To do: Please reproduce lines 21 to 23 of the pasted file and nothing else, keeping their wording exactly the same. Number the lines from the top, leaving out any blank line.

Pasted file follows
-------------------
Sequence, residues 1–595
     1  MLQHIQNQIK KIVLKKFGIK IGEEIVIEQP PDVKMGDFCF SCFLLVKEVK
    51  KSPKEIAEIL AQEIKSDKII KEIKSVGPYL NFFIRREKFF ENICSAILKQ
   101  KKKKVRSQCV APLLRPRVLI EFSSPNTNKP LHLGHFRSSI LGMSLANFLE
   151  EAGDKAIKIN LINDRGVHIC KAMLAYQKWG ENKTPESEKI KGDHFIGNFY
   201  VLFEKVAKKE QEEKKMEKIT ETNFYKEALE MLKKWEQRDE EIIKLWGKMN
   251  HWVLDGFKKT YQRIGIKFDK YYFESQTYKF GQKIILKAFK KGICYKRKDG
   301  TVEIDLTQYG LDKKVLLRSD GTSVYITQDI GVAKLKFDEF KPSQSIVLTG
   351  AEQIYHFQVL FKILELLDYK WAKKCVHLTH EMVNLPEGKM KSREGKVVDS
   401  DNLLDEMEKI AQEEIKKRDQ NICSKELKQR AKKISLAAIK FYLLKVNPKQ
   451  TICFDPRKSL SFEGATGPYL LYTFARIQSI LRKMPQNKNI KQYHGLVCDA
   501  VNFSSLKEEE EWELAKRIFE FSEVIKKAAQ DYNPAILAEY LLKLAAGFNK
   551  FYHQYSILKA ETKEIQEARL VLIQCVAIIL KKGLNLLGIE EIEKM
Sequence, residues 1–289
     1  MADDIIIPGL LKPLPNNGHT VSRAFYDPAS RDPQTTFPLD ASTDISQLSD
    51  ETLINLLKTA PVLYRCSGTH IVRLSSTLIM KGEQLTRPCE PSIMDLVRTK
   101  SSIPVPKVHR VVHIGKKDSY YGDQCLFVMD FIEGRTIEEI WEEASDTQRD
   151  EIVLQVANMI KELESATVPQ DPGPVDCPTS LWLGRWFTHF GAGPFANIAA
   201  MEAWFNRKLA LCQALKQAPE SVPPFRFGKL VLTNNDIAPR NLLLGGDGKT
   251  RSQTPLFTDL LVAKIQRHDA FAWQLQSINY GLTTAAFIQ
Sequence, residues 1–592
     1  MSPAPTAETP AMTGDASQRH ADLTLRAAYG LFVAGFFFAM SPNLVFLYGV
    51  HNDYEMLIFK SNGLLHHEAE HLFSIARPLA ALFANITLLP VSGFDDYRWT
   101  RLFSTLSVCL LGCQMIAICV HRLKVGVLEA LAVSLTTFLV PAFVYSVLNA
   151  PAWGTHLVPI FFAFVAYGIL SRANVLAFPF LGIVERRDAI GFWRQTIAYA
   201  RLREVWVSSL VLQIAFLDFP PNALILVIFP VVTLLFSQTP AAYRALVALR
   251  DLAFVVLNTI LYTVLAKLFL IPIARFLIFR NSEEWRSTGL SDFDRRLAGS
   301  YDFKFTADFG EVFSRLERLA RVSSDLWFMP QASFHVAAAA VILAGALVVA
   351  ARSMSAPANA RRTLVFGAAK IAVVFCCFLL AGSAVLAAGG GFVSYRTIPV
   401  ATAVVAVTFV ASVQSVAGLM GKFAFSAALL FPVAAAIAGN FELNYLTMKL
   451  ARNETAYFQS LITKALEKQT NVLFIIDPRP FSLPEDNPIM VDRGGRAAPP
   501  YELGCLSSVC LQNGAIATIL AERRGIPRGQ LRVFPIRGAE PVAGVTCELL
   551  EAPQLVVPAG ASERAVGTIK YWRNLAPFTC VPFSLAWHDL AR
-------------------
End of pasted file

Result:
Sequence, residues 1–592
     1  MSPAPTAETP AMTGDASQRH ADLTLRAAYG LFVAGFFFAM SPNLVFLYGV
    51  HNDYEMLIFK SNGLLHHEAE HLFSIARPLA ALFANITLLP VSGFDDYRWT